and then turned back
as if it left some part of itself behind,
the part that feared me.
“Birded,” here, is more appropriate than the more standard “full of birds.” The word emphasizes the birds’ presence and significance; for the reader, the “birded” field is larger and sharper than a field “full of birds.” This image creates a powerful emotional space to accommodate the deer’s passage. Perhaps more importantly, it gives the sense that some part of the mysterious unknowable world can occasionally leak into the known one.
The human speakers of the poems aspire to the birds’ breadth of perspective but never achieve it. The speaker in “The Sadness of the Lingua Franca,” for instance, cannot master the language she needs to express what she thinks the birds know: “In Bird, I speak brokenly. Hiss and flail and never learn.” The English language, on the other hand, is overused and arrogant:
The language is famous and followed,
it has no loneliness left.
It has made it to the moon. It has got god
to speak it. It will get
to everything first, if it can.
Pinned between the flaws of her own language and her flawed understanding of a foreign one, this speaker nevertheless refuses to accept imperfection. Instead, she cobbles together a language of her own: “But not the swan, pale as a page/ I will never have written.” This syntactically odd fragment creates an illogical but somewhat satisfying conclusion to her dilemma, even though it does not quite solve it. The beautiful thing she sees before her is similar to something she will never create, and so it does not quite fit into the real world. However, addressing a beautiful unreality is a way for her to appeal to the unknowable realm that so fascinates her. She does not always have to wait for it to come to her (as it does with the deer in the passage above); she can probe it from the outside, to a limited extent, by using language that has a connection both to her own world and to the other one.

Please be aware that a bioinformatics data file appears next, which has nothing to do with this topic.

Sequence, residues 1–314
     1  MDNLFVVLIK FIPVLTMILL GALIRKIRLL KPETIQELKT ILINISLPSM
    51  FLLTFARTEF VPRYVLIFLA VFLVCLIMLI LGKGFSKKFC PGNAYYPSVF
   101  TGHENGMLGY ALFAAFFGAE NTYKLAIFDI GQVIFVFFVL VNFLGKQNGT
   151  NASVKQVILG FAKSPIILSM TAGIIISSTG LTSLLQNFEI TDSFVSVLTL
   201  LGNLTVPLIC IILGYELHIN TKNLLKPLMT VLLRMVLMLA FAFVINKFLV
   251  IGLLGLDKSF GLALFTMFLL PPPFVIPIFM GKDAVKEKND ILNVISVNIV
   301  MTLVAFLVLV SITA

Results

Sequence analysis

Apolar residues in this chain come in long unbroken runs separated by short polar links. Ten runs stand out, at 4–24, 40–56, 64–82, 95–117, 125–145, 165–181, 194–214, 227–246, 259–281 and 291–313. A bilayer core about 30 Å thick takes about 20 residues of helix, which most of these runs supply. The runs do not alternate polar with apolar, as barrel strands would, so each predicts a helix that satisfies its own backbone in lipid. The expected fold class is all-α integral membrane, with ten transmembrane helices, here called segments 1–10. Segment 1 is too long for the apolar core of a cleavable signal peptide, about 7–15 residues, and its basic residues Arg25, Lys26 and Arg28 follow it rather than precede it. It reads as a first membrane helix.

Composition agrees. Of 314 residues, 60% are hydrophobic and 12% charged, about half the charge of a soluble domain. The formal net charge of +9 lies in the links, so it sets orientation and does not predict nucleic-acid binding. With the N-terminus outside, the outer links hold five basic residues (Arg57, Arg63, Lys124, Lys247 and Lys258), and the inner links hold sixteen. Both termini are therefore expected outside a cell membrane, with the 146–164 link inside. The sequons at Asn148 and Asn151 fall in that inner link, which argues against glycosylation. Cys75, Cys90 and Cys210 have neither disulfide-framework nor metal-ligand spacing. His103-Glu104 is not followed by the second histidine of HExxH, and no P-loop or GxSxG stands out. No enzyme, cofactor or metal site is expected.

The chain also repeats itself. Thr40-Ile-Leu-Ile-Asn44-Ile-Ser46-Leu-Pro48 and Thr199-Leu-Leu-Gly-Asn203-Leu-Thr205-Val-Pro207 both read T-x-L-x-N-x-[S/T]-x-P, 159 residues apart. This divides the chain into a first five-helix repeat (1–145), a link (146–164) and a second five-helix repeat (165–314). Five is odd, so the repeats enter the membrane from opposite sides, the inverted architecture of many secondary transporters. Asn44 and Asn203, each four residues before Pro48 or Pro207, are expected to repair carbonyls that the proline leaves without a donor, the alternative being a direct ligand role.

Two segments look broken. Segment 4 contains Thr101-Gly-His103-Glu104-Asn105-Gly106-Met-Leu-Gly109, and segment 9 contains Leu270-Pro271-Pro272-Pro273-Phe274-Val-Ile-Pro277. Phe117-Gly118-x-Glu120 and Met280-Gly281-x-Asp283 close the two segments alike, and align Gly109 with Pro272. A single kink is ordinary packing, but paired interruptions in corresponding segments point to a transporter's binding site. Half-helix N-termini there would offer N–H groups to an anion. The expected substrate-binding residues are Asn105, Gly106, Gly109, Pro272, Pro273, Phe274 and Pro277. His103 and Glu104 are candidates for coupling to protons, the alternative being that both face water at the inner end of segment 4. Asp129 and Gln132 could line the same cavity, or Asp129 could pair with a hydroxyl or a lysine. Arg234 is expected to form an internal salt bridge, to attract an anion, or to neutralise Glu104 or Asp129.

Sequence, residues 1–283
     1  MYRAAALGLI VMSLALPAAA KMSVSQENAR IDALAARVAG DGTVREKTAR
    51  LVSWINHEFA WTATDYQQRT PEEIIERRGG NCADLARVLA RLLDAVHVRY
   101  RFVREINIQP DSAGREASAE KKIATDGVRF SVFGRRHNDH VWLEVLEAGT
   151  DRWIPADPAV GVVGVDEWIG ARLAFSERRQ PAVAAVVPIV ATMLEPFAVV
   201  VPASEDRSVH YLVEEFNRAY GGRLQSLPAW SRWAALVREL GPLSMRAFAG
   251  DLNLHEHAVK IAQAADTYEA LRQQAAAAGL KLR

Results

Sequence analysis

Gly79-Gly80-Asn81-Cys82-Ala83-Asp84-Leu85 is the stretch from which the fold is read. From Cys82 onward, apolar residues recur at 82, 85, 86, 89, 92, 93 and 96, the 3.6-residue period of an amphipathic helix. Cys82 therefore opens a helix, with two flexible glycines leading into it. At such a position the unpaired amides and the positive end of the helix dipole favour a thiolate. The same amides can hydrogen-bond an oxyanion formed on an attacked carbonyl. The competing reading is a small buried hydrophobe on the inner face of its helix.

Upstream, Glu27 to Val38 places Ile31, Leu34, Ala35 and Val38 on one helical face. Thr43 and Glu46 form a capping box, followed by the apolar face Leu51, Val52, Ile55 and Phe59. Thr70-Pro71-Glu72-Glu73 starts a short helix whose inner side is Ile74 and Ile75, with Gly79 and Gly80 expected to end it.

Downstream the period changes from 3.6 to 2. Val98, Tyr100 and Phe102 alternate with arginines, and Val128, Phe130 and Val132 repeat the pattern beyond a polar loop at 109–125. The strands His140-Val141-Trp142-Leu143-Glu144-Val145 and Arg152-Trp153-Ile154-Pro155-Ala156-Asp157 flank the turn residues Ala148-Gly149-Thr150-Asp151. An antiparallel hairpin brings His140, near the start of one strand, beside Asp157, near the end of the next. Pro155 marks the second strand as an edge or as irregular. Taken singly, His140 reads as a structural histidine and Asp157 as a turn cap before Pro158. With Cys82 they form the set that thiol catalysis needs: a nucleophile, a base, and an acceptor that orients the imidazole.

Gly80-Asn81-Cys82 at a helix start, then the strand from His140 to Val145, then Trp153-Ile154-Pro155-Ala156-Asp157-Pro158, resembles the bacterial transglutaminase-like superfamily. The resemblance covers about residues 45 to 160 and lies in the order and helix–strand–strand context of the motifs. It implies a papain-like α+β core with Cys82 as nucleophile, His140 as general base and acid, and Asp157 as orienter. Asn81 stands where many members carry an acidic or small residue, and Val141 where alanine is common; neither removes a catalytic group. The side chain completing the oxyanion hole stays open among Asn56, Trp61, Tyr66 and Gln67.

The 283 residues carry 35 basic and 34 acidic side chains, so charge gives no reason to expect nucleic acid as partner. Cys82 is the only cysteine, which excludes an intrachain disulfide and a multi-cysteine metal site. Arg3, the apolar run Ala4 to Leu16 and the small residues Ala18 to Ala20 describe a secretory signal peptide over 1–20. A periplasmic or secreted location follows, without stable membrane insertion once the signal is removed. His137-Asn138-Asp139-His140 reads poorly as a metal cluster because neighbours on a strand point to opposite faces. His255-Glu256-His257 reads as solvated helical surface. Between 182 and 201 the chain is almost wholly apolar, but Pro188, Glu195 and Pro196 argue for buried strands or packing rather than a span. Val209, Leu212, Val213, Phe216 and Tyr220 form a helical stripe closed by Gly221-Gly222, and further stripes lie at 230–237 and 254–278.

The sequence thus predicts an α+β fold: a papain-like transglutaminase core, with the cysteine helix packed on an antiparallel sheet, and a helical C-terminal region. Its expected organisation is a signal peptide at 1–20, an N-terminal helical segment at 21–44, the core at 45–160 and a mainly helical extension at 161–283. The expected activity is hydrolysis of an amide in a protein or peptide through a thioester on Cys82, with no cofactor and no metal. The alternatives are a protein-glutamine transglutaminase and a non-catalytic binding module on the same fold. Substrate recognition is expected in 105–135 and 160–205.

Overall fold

There are a few places in the book where the overall pressure lets up a bit. By far the weakest poems are those that deal with personal romances. In “The Primer,” for instance, a man chooses to remain quiet rather than tell a woman he loves her, and the woman reflects, “In the history of language/ the first obscenity was silence.” Here, Davis gives up some of her control. She does not create the dreamlike, associative background that controls the way it is possible to read the words in her other poems. Instead, she invokes the common experience of feeling unloved, leaving the reader’s personal associations to fill in the gaps in her writing.
In spite of its small weaknesses, Forth a Raven is worth reading more than once. It never feels frivolous, it never shies away from complexities, and it rewards the work of reflection.
Christina Davis received her B.A. and M.A. from the University of Pennsylvania and her M.Phil. in Modernist Literature from the University of Oxford. Her poems have appeared in American Poetry Review, Boston Review, Colorado Review, Gettysburg Review, Jubilat, LIT, The May Anthologies (selected by Ted Hughes), New England Review, New Republic, Paris Review, and Provincetown Arts (selected by Susan Mitchell). The recipient of several residencies to Yaddo and the MacDowell Colony, she currently works at Poets House and lives in the heart of Greenwich Village.
Melissa Koosmann's poetry has appeared or is forthcoming in Indiana Review, DIAGRAM, Mid-American Review, and other journals. She is a graduate of the University of Arizona MFA Program in Poetry, and she currently lives in Tucson, Arizona.